“Not being afraid to die is not the same thing as wanting to die – I don’t want to die,” plaintiff O’Donnell says in a video provided by Compassion & Choices.
     O’Donnell worked as an attorney and was a detective for the Los Angeles Police Department.
     “The law is ever changing and is set up to change with the needs of society,” O’Donnell said. “There is an absolute need for physician aided death. Ultimately, I choose whether to fill a prescription or even take the medication. I choose when and where I die and with whom.”
     California courts recognize the right for citizens to make end-of-life decisions, including the right to refuse life-sustaining treatment, according to the lawsuit.
     For example, state law allows terminally ill patients to request terminal sedation, by which a physician administers sedatives to render the patient unconscious, then discontinue hydration and nutrition until the patient dies.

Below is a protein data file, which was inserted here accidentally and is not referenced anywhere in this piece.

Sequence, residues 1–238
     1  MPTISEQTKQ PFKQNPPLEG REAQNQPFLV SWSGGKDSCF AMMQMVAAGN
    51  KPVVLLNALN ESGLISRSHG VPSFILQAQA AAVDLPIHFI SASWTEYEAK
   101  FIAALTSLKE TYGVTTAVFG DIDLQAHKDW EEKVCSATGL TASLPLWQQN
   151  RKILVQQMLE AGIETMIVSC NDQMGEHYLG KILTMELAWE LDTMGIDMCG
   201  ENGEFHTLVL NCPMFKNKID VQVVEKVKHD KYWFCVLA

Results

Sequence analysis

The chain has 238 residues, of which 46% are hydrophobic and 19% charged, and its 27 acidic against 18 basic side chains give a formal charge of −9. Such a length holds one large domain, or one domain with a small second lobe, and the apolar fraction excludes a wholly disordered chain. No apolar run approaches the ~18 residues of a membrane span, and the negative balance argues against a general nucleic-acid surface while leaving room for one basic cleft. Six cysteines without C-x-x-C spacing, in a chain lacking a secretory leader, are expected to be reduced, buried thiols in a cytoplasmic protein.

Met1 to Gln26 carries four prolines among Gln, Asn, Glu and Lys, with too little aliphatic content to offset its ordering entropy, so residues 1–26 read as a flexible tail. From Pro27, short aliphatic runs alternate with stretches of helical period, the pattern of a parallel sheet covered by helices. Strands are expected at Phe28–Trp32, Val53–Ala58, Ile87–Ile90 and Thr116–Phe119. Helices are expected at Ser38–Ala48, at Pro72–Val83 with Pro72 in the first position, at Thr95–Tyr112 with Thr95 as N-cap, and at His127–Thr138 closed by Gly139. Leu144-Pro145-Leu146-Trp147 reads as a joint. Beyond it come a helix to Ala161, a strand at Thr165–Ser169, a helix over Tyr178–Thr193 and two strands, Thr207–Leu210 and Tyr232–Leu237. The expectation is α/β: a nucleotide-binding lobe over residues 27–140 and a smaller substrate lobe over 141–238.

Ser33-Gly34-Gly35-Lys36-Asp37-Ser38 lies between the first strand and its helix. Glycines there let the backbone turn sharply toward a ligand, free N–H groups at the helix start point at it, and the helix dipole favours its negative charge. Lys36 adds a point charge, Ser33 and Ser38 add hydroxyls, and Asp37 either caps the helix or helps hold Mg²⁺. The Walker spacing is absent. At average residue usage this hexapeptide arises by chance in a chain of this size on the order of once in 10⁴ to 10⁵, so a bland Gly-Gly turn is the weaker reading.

California allows this “freedom of choice” to give patients some control over their quality of life in their final days, attorney Kappos said in an interview.
     “Modern medicine can keep you alive indefinitely, but it cannot always manage pain,” Crowley said.
     Aid in dying provides an option for those whose death is imminent, and whose suffering has becomes unbearable and manageable.
     Oregon, Washington, Vermont and Montana allow aid in dying, and have guidelines for clinical practice in end-of-life care.
     The plaintiffs seek declaratory judgment “that Section 401 cannot and does not apply to physicians who provide Aid in Dying to terminally ill, competent adult persons who request such aid,” and an injunction “prohibiting defendants from prosecuting physicians who participate in aid in dying under those circumstances.”